October fury: Opposition blames poor response, govt says events beyond prediction

Thiruvananthapuram: As expected, when the Assembly resumed sitting on Monday, the Opposition UDF blamed the government for poor disaster response.

The government, in turn, said the cyclonic circulation over the Arabian Sea that eventually wreaked havoc over Central Kerala could not be predicted even by global forecasters and claimed that it had done everything in its power to mitigate the consequences.

Revenue Minister K Rajan said that unexpected extreme heavy rainfall happened over Kokkayar in Idukki and Koottikkal in Kottayam on October 16. "Leave alone 'red', there were no 'orange' alerts even for both these regions even at 8 a.m. on October 16," Rajan told the Assembly on Monday.

Later, Opposition Leader V D Satheesan contradicted the minister saying that the Thrissur District Collector had issued a warning on October 14 saying that the cyclonic formation over the Arabian Sea was deviating from its usual course and moving towards Kerala.

The Revenue Minister had said that the Indian Meteorological Department (IMD) had assigned only 'green' or 'yellow' alerts, the lowest ones, for districts like Idukki, Kottayam and Pathanamthitta that turned out to be the most affected.

Satheesan countered this, too, saying that right on the first page of the IMD report released on October 12 had stated that there would be heavy rains in Kerala on October 15, 16 and 17. "The IMD forecast is not precise. It is up to us to analyse the warnings they put out, " Satheesan said, and added: "The State Disaster Management Authority has a meteorological wing. What were they doing about the information that the cyclonic formation was straying from its defined course put out by the IMD on October 8 itself."

Congress MLA Thiruvanchoor Radhakrishnan, who raised the issue as an adjournment motion in the Assembly, hurled a battery of questions.

One, has the government built any of the 17 cyclone shelters Kerala was allotted under the National Cyclone Risk Management Programme. "Why were shelters not constructed in places like Kokkayar and Koottikkal, " he asked.

Two, has the government provided disaster-preparedness training in vulnerable areas. "The training was supposed to be done by Kerala Institute of Local Administration. Were the funds transferred to KILA, " he asked.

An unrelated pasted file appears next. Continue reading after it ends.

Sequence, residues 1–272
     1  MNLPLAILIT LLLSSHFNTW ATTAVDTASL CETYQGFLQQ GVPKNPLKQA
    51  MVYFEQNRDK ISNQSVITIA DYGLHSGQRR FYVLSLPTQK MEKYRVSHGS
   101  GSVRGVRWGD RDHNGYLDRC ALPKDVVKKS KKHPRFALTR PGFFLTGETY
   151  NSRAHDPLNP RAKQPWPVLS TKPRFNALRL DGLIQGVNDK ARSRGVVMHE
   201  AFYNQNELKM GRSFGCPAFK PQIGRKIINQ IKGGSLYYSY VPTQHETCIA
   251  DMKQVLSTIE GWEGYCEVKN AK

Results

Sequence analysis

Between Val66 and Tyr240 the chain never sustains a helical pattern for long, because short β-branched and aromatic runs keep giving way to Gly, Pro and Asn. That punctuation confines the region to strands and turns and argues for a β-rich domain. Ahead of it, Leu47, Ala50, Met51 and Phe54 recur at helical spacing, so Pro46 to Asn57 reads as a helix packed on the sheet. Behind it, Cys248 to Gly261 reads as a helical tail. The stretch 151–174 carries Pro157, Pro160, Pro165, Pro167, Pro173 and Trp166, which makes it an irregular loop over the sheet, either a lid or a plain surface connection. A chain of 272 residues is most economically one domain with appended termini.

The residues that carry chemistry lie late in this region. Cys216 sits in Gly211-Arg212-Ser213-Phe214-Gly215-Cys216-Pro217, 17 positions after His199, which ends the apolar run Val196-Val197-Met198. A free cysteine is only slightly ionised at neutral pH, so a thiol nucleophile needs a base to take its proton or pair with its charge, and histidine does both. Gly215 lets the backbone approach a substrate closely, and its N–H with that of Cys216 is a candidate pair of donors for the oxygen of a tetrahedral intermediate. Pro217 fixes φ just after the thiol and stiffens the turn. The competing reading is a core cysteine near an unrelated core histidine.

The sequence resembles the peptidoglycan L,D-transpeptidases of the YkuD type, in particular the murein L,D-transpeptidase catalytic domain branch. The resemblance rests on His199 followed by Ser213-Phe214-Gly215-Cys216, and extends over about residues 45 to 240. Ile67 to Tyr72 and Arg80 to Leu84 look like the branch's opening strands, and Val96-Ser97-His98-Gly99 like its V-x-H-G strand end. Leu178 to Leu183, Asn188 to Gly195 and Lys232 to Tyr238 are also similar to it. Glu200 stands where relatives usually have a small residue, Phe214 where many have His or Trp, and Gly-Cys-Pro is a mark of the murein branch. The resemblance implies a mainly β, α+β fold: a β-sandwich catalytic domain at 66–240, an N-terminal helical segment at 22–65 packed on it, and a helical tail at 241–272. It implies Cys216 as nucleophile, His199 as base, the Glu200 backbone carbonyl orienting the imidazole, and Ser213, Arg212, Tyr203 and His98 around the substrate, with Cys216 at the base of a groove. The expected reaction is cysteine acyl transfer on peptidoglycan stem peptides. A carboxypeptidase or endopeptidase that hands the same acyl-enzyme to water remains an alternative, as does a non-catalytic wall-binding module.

Three, has the government implemented any of the recommendations put forward by the Post Disaster Needs Assessment drawn up by the United Nations after the 2018 floods.

Four, has the government carried out flood mapping, an urgent activity to mark the areas a river would inundate when water levels rise up in an incremental manner.

Rajan responded to none except the first question about cyclone shelters. He said 10 of the 17 cyclone shelters were completed. He also said as per the Central programme, the shelters were only for coastal areas and not for high ranges like Koottikkal and Kokkayar.

The Opposition leader had yet another question. He wanted to know why the government had failed to implement any of the measures suggested to prevent extreme rainfall events by an expert committee constituted by the Kerala State Council for Science Technology and Environment (KSCSTE).

"If you had no intention of listening to its findings why did you constitute such a committee in the first place, " Satheesan said.

The Revenue Minister, while arguing that the tragedy could not be anticipated, said that Kokkayar and Koottikkal were marked as only moderately-prone in the landslide vulnerability map prepared by National Centre for Earth Science Studies (NCESS). Satheesan said that the map was drawn up way back in 2009. "Given the frequency of landslides, the government should have taken the initiative to redraw the landslide map, " Satheesan said.

To emphasise the urgency of a revised vulnerability map, the Opposition Leader said over 900 landslides had taken place in Idukki alone in the last four years. "After 2018, the LDF government had sanctioned 233 quarries. Reality is, only one-tenth of existing 6000-odd quarries in Kerala possess a valid licence, " he said.

Satheesan also alleged that despite the consecutive disasters the government had not taken any steps to upgrade Kerala's warning system, disaster mitigation mechanism and rescue protocols.

Apparently unsatisfied with the government response, the Opposition staged a walkout in the Assembly.

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